Angela Speck

Angela Speck


University of Missouri-Columbia

Department of Physics & Astronomy

Monday, February 28, 2011

4:30 p.m.

Cardwell 102

Cosmochemistry & Astromineralogy: from the Big Bang to Life


At the beginning of the Universe, all matter was in the form of hydrogen and helium: all elements bigger than helium form via nuclear fusion in stars. These newly-formed elements are ejected from stars either explosively (in the case of supernovae) or more gently over a few hundred thousand years for lower mass star like the sun. These new elements then become part of the interstellar medium, from which new stars and their planets form. Dust is a vital ingredient in understanding many astrophysical processes. It is an essential part of star formation processes; it is the key to understanding mass loss from aging stars; and it contributes to several aspects of interstellar processes such as gas heating and the formation of molecules. Such a crucial and ubiquitous constituent of our Universe needs to be well understood in its own right, if we are to understand its contributions to many aspects of astrophysics.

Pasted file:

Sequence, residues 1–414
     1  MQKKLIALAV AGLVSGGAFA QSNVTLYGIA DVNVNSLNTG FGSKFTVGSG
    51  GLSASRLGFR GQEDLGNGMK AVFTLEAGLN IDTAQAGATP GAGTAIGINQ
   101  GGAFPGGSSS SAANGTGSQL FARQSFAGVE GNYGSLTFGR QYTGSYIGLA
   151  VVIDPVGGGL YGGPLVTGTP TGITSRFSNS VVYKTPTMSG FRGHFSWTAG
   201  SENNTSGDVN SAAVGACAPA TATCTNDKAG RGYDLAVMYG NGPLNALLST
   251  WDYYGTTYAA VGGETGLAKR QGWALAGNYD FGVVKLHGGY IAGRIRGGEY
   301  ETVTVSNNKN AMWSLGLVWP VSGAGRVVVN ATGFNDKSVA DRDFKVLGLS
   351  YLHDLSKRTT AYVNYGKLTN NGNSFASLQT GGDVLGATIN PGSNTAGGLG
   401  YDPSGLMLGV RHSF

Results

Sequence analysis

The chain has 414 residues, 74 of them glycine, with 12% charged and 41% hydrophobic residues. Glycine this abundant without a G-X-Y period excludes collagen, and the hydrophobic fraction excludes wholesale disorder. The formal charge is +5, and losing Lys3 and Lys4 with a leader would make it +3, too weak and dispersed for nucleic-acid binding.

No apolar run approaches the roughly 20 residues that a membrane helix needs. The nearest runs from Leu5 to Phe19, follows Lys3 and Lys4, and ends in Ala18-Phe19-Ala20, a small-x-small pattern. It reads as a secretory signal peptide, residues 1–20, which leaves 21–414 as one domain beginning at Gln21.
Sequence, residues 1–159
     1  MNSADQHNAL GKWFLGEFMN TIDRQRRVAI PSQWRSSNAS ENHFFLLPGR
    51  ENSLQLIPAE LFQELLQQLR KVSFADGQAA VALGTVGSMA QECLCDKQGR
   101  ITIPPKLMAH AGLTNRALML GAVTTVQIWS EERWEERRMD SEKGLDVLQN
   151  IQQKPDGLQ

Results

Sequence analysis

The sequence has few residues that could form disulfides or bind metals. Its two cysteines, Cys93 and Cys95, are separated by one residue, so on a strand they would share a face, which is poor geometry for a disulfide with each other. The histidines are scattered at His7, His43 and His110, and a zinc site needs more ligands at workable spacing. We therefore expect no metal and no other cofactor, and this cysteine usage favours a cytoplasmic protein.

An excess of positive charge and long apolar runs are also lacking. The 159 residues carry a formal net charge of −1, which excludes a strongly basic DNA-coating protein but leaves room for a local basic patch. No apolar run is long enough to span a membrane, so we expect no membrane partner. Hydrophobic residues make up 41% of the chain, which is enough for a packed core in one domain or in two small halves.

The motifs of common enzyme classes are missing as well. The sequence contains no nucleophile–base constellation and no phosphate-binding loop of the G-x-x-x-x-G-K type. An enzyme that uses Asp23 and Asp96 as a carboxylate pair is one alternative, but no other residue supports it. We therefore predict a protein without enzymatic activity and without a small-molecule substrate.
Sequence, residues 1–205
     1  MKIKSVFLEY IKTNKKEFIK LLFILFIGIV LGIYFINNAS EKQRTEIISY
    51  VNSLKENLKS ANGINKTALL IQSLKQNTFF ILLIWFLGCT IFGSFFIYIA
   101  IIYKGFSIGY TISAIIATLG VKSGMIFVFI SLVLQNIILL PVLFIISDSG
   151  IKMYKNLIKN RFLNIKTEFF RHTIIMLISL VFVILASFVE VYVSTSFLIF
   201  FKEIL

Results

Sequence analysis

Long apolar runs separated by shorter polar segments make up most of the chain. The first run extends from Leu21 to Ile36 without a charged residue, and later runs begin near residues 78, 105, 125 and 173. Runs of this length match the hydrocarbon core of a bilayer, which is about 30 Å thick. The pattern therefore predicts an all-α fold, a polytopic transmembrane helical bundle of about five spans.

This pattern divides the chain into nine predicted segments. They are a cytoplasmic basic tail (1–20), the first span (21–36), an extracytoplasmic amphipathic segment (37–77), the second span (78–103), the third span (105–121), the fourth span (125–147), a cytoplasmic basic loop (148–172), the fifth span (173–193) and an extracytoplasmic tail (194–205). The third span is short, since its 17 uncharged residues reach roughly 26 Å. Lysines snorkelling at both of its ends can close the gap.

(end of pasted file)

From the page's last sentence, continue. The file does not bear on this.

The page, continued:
Intermediate-mass stars (0.8-8.0 solar masses) are major contributors of new elements to interstellar space. These stars eventually evolve into asymptotic giant branch (AGB) stars. During the AGB phase, these stars suffer intensive mass loss leading to the formation of circumstellar shells of dust and neutral gas, including the new elements formed during the star's life. Using a combination of observing techniques (e.g. infrared (IR) spectroscopy, visible, IR and sub-mm imaging) and laboratory IR studies, combined with theoretical considerations (e.g. kinetics and thermodynamics of the dust-forming region; nucleosynthesis models and changing stellar chemistries) and meteoritic evidence, I will investigate the structure and evolution of the circumstellar dust and its environment.